By now, you’ve no doubt heard about EMV chip cards and how they provide better fraud protection than the traditional magnetic stripe versions when swiped at your local retailer. However, there’s a good chance one hasn’t made its way into your wallet. In fact, according to recent survey from Software Advice, 62% (of 200 surveyed consumers) said they did not have an EMV-enabled credit card.
Don’t freak out, though, if you’re similarly unequipped with a chip. Chances are, your new credit card — or even debit card — is in the mail.
“There may be some financial institutions that are truly laggards,” said Eric Lindeen, marketing director for Zoot Enterprises, a firm that provides credit analytics to financial institutions, but, by and large, “consumers over the next couple of weeks will probably see a large number of cards being reissued with the chips.”
And, if for some reason you don’t get one, your old magnetic stripe card will continue to work at your favorite retailers for now.
“I have heard no discussion of a timeline to phase out mag stripes,” Lindeen said. “It’s inevitable, but I don’t think it’s on the horizon for at least five to 10 years.”
A Matter of Liability?
The EMV chip transition is revving up, following the Oct. 5 deadline that saw a shift in network fraud liability rules. Before that date, financial institutions generally covered fraudulent charges. Now, merchants who have failed to upgrade to the safer EMV chip readers could be on the hook (instead of card issuers); consumers would not be.
Under federal law, consumers may be liable for up to $50 in fraudulent credit card charges. They could be held liable for up to $500 in fraudulent debit card charges if they report them within 60 days. (Beyond that window, losses could be unlimited.) Most major card issuers, however, have zero liability policies in place that can further shield consumers.
These protections won’t change because you don’t have a chip card. You similarly won’t up your odds of eating the cost of fraud if you have a chip, but swipe the magnetic stripe instead. In fact, in many cases, you’ll be prompted to redo the transaction.
On the new cards, “the mag stripe has a little piece of code in it that is designed to tell a chip-enabled terminal when it receives a mag stripe [swipe],” said Jason Oxman, CEO of the Electronics Transactions Association. In those instances, “the terminal actually will display a message to ‘please insert your chip card,'” he said.
Ask for an Upgrade
Of course, liability isn’t the only hassle associated with card fraud. It typically takes some time, for instance, for a replacement credit card to arrive in the mail and you could be left without a valuable payment method in the interim. Debit card fraud can be particularly problematic given the lesser fraud protections. Plus, an empty bank account can lead to missed payments and potential overdraft fees.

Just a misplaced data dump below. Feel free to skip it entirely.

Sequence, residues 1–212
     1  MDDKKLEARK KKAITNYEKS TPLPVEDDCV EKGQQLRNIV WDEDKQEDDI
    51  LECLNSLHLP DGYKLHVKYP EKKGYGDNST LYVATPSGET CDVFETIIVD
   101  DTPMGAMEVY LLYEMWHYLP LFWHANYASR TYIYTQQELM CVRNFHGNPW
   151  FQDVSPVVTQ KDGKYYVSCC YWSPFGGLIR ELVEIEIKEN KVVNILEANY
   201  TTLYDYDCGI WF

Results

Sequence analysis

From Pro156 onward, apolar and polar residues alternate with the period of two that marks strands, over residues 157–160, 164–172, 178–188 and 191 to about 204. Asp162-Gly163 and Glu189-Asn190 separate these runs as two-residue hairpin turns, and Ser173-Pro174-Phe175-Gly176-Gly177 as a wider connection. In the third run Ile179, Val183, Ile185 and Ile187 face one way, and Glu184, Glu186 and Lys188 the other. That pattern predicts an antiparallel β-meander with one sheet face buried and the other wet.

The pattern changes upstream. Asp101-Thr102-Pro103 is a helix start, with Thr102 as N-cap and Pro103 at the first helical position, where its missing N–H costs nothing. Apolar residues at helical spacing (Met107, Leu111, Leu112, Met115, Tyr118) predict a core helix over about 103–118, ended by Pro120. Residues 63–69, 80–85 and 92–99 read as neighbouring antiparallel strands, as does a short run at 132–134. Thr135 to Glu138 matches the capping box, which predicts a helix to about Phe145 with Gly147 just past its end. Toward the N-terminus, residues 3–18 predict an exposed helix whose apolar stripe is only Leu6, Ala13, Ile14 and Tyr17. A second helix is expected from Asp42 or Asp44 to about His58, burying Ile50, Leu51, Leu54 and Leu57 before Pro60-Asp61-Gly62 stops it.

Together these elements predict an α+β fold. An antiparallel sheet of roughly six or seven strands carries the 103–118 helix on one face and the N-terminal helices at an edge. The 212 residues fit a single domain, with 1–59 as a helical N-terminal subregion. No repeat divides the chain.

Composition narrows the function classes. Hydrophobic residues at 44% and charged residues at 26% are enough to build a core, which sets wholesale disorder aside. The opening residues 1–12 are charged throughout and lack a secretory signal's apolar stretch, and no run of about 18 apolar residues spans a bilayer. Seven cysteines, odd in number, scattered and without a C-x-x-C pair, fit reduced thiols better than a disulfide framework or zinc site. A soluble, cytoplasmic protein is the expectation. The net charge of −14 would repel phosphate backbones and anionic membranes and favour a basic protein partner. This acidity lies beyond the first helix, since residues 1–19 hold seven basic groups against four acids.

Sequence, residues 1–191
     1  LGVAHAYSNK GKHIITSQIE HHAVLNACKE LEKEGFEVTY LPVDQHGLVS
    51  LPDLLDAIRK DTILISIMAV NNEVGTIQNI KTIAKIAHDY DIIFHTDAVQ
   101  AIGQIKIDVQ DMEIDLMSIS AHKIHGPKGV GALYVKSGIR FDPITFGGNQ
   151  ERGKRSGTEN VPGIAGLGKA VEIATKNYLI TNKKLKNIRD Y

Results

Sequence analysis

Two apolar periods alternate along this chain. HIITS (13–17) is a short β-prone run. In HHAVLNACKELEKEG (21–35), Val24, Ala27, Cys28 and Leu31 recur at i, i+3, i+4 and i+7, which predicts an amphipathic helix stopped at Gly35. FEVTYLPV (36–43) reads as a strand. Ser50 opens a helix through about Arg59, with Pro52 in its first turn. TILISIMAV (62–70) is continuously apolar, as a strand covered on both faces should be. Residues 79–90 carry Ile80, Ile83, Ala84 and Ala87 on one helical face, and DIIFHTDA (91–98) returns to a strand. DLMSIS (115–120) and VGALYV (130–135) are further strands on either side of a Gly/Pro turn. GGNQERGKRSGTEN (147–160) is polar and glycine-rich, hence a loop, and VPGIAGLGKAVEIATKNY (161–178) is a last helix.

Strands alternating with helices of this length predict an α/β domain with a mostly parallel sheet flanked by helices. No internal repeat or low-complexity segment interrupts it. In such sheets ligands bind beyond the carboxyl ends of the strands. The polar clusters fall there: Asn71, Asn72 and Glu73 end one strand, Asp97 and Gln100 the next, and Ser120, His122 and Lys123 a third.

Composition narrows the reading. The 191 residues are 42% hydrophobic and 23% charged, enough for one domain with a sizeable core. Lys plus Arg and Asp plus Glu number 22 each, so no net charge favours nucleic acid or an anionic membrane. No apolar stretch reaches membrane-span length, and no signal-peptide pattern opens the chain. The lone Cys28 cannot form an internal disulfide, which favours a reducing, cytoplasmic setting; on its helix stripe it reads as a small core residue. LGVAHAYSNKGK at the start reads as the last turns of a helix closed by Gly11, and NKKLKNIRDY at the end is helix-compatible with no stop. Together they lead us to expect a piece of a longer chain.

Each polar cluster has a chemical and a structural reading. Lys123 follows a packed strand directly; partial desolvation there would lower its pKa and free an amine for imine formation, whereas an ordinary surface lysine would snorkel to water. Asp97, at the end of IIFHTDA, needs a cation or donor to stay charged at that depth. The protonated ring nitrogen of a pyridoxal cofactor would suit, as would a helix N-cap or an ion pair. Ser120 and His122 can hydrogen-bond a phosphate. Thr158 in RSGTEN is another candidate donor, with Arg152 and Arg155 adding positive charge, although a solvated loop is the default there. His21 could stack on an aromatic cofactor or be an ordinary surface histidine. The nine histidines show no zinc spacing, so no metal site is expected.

EMV chip cards are harder to counterfeit, given the chip generates a unique security code every time you swipe it. So, if you are chip-less and interested in potentially reducing the odds of having your card compromised this way, call your credit card company to see about expediting your upgrade.
“Almost every issuer will issue one on request,” Lindeen says.
One last thing to keep in mind: While your EMV chip certainly offers more security, it is, by no means, a failsafe when it comes to fraud. In fact, there’s some debate as to whether the cards will reduce total fraud overall or simply push counterfeiters toward fraudulent “card-not-present” transactions. (The chips, for instance, currently provide no additional protections when you use a credit card to shop online.)
As such, it’s always a good idea to stay vigilant when it comes to protecting your payment information. Best practices include monitoring all credit card or debit card statements regularly, reporting fraud as soon as you spot it to dispute charges and have the card replaced, using strong passwords to protect financial accounts, keeping all your security software up to date and shopping only on encrypted websites.
If you’re worried about other types of fraud, including identity theft, you can check your credit report regularly. You can view yours for free once a year an AnnualCreditReport.com or get a free credit report summary every month at Credit.com.
More on Credit Cards:
- Credit.com’s Expert Credit Card Shopping Tips
- How to Get a Credit Card With Bad Credit
- How to Get a Credit Card with Good Credit